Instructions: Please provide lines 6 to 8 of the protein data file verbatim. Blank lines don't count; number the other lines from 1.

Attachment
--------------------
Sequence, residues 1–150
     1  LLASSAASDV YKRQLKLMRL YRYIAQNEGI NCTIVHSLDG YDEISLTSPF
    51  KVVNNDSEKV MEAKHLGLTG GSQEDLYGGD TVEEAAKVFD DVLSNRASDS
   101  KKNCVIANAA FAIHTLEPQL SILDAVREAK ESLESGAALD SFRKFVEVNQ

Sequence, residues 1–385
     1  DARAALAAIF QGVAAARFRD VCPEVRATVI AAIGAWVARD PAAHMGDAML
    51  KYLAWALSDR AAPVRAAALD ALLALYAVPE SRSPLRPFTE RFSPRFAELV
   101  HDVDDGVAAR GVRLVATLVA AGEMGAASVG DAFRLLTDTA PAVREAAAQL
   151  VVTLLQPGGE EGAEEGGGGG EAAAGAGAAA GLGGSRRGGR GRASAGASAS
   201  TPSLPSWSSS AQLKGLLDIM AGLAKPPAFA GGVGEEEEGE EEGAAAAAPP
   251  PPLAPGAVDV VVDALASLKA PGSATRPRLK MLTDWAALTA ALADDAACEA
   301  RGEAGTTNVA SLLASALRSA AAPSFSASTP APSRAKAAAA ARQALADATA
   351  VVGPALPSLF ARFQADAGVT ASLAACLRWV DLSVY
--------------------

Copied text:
     1  DARAALAAIF QGVAAARFRD VCPEVRATVI AAIGAWVARD PAAHMGDAML
    51  KYLAWALSDR AAPVRAAALD ALLALYAVPE SRSPLRPFTE RFSPRFAELV
   101  HDVDDGVAAR GVRLVATLVA AGEMGAASVG DAFRLLTDTA PAVREAAAQL